Differences Between Youth and Adult Criminal Justice Systems

The Youth Criminal Justice Act says the youth and adult criminal justice systems must be kept separate. Youth and adults are treated differently when they go through the criminal justice system. This section describes some of the ways the youth justice system is different from the adult justice system.

Rehabilitation – The youth justice system emphasizes helping youth get the support they need to become law-abiding community members. This includes help with moving back into the community after serving a sentence in custody.

Taking responsibility – In the youth justice system, it is important for youths to take responsibility for their actions. At the same time, the system responds in a way that takes into account that their level of maturity is not the same as an adult.

Special Protection of Rights - While youths enjoy all the legal rights of adults, certain rights are given special protection in the youth justice system. Some of these include the right to a lawyer, the right to privacy and special safeguards when a youth is questioned by the police.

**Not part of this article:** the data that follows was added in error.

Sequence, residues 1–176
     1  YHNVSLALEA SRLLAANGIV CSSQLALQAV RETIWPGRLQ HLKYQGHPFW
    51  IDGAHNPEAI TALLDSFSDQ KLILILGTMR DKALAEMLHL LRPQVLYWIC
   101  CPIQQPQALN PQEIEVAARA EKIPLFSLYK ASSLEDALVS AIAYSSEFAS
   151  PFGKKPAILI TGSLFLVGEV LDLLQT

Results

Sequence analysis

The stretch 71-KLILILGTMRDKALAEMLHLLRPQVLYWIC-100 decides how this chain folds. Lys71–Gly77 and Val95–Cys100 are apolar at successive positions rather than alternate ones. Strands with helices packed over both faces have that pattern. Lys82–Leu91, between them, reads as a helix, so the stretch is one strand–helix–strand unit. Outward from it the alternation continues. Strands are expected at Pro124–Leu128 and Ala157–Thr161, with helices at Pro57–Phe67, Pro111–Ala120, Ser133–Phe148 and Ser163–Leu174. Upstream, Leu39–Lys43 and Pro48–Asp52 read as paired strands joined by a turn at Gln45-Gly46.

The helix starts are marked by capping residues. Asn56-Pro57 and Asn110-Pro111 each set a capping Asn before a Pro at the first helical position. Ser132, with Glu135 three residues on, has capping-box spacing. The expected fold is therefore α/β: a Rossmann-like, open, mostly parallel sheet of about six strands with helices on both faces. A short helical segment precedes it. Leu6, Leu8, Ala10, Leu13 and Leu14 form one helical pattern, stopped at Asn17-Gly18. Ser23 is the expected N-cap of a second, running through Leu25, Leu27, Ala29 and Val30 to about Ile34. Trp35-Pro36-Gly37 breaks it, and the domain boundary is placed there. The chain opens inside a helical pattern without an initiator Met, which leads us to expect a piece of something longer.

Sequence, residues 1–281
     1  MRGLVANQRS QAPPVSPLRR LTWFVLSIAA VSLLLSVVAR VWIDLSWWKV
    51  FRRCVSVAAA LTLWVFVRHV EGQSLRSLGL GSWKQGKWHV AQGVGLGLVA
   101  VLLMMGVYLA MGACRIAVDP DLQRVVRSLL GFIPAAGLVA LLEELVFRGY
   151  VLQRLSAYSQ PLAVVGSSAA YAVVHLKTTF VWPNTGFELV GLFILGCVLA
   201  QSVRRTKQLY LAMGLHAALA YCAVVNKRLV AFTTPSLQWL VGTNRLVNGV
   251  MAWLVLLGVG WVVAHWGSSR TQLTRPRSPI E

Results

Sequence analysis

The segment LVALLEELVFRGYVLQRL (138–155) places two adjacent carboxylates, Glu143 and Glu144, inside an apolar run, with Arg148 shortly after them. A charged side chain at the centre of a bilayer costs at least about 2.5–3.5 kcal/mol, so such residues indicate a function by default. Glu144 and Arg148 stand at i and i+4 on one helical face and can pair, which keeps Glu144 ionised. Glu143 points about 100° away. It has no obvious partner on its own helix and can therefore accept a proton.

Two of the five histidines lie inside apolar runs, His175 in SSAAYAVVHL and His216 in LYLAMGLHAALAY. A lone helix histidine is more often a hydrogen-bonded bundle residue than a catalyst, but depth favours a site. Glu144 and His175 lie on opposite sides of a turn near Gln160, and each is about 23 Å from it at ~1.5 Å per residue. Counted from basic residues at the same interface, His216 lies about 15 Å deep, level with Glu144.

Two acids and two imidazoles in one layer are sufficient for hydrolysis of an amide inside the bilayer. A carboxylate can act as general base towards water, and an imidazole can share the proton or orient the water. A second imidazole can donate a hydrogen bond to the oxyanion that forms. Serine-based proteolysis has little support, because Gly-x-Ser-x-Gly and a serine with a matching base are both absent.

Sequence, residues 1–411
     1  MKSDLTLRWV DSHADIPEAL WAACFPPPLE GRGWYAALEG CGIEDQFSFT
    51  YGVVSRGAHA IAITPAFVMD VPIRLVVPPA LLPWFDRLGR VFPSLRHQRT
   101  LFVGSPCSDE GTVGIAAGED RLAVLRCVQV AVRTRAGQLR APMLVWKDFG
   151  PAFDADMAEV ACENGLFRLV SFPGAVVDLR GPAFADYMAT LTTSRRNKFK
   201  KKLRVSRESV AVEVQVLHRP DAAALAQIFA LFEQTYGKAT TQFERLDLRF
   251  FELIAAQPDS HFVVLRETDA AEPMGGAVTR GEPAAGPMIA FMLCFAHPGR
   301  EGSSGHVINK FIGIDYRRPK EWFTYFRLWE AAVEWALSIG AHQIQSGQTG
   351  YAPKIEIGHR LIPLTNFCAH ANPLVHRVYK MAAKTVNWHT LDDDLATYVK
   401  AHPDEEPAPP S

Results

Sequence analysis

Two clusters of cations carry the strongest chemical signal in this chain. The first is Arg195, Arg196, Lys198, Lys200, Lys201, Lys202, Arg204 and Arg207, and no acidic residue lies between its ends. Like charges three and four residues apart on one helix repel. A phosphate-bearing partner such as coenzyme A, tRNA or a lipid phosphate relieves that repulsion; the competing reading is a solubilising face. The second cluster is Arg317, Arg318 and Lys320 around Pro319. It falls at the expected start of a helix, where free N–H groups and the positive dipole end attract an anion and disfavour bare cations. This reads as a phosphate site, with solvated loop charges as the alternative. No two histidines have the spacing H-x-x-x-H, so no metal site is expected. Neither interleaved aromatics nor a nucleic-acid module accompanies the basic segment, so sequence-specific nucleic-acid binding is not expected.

Speedy Resolution – The youth justice system focuses on completing the criminal justice process as quickly as possible, since a youth’s sense of time is different than an adult's.

Parents – Parents have a special place in the youth justice system. They must be notified of the actions taken against their children and given the opportunity to speak to justice officials. At court hearings, such as sentencing, they are encouraged to support and help their children make positive changes.

Victims - The Youth Criminal Justice Act states victims should be treated with courtesy, compassion and respect for their dignity and privacy and should suffer the minimum degree of inconvenience as a result of their involvement with the youth criminal justice system. Victims should be provided with information about the proceedings and given an opportunity to participate and be heard.